In the wake of the recent horrific school shootings in Santa Fe, Texas, and Parkland, Florida, and today’s tragic events at a middle school in Noblesville, Indiana, I found myself reviewing another opinion piece that I wrote in December of 2012. That one was written in the aftermath of the Sandy Hook shooting in Connecticut. Fast forward six years and we are there again. There is no way to say with any certainty whether any of these incidents were entirely predictable or preventable. But what is predictable are the usual, oversimplified calls for gun control, or the opposite response of arming teachers. We can do better than that.
What is needed is a far more robust and comprehensive view of the situation. It is time for state and federal funding to be applied to a broader solution in what the U.S. Army refers to as “Full Spectrum Operations.” Full spectrum operations require equal and continuous application of offensive, defensive, stabilizing, and civil measures. It is not enough to simply shout “Arm the teachers!” or “Take their guns!” The leaders of every community should look to a broader view.
In the offensive category of full spectrum operations, we must be proactive in the areas of mental health and on-site response capability. Mental health is often overlooked in these debates, but studies indicate it is nearly always a factor in the incidents themselves. We should recruit, train and place social workers to work in our schools and set the student ratio at a reasonable level to ensure their ability to interact with students and faculty.
At the same time, it is past due for every school to have a uniformed school resource officer on duty. Both the social worker and the SRO should then be able to interact with each other and provide input on student issues that comes from firsthand knowledge. The average costs to the budgets for a school counselor or an SRO are each roughly the equivalent of hiring an additional teacher. That’s an investment we can and should make.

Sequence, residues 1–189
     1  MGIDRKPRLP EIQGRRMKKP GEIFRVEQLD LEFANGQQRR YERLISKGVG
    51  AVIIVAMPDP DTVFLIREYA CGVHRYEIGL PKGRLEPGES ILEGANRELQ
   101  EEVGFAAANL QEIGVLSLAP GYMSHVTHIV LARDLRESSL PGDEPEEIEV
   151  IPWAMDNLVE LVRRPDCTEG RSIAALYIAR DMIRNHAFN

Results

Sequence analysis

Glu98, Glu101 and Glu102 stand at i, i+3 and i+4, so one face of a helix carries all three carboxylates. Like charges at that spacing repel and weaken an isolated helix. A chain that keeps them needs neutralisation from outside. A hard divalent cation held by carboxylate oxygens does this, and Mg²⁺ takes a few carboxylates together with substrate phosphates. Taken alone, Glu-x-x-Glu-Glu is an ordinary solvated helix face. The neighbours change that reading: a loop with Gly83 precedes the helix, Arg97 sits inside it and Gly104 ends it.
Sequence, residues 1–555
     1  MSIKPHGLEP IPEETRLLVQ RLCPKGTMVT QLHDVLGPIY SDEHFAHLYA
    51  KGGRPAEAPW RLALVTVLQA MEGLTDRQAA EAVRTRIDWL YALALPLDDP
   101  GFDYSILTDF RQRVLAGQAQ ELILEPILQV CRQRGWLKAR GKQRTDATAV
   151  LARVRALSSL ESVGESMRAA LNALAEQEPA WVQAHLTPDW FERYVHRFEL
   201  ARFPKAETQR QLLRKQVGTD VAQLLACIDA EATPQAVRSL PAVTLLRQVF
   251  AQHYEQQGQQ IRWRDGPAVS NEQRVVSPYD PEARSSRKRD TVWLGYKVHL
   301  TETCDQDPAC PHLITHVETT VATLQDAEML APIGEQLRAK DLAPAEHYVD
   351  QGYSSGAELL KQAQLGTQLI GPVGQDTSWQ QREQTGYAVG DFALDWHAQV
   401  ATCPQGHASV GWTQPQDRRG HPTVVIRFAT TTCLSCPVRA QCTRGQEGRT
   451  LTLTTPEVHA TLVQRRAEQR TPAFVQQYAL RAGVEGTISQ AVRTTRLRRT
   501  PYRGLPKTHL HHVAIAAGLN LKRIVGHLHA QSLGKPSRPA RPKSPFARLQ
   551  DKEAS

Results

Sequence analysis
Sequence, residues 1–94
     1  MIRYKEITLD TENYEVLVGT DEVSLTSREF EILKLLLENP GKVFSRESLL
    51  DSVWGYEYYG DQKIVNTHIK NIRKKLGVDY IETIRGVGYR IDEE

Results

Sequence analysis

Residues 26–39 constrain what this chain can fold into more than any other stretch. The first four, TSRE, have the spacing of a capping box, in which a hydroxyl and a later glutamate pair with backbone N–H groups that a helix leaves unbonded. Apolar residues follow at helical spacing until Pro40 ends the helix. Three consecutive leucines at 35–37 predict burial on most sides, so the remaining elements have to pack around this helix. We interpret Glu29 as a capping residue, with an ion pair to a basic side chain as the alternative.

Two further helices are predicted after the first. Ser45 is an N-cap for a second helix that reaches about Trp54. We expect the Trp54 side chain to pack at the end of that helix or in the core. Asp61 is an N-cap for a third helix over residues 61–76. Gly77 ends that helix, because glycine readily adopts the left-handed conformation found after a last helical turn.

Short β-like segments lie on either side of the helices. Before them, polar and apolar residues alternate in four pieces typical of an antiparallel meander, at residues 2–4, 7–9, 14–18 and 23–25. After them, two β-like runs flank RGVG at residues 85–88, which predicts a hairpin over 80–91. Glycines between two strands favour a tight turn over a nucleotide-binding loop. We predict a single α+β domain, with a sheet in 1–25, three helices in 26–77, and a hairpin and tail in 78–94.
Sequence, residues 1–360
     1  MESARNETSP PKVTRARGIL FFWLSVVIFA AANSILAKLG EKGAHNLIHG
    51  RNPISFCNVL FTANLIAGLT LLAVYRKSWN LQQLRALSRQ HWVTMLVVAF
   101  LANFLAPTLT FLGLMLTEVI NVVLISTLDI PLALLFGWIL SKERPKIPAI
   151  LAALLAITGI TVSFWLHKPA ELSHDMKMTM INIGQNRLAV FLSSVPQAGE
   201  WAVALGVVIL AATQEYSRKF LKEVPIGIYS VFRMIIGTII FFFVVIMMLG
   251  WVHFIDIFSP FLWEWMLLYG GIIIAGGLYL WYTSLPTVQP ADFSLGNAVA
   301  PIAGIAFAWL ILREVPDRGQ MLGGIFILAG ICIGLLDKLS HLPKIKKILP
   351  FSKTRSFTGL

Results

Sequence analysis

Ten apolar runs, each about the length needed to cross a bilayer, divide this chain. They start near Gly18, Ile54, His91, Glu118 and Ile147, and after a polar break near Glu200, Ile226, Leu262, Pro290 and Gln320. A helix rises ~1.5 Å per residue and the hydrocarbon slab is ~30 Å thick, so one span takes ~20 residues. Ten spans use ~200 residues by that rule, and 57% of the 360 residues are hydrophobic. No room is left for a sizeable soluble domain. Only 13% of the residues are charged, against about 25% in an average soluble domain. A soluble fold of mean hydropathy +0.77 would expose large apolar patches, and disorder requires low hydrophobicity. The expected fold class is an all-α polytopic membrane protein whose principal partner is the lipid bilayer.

In the defensive and stabilizing categories, we must make our schools harder targets with additional standoff capabilities. Every school should have controlled access and live-feed security cameras. Staff and students should conduct active shooter drills the same as they do for tornado drills. Barriers can be easily placed in front of major entryways to prevent vehicular forced entry. Up-to-date school schematics for both public and private schools should be on file with state and local law enforcement to better equip them for response. Funds currently allocated for technology and facilities improvement in Alabama’s education funding should be immediately modified to allow for security expenses determined at the local discretionary level. A robust, layered defense is necessary for every facility, and the cost to create these defensive measures is minimal by comparison to our multi-billion dollar state education budget.
Lastly, full spectrum operations are never complete until the civil aspect has been addressed. Local communities need to ensure that they are fully engaged in providing what they can to the schools in their jurisdictions. Several years ago, one of the smallest towns in my legislative district smartly chose to annex land to get their municipal limits adjacent to a rural elementary school, in order to provide a municipal police officer as an SRO, at no cost to the school system. The mayor and town council felt that it was their responsibility to watch out for those kids. What a testimony.
Whether via state grants, discretionary funds from elected officials, parent-teacher associations, churches and faith-based organizations, or simply an increased willingness by local citizens to engage the process, it is absolutely necessary for communities to rally around their schools and ensure that they have what they need to prevent another senseless tragedy.
In truth, all of the measures just described are not guaranteed to stop every attempt by a committed killer to harm one of our children. But if the application of a full spectrum approach to school safety saves just one life….just one….it will be worth it.
A decorated U.S. Army officer who served in Afghanistan and Iraq, Phil Williams represents District 10 in the Alabama State Senate, which is comprised of all or parts of Etowah, Cherokee, St. Clair, and DeKalb counties. Follow him on Twitter for his latest legislative updates: @SenPhilWilliams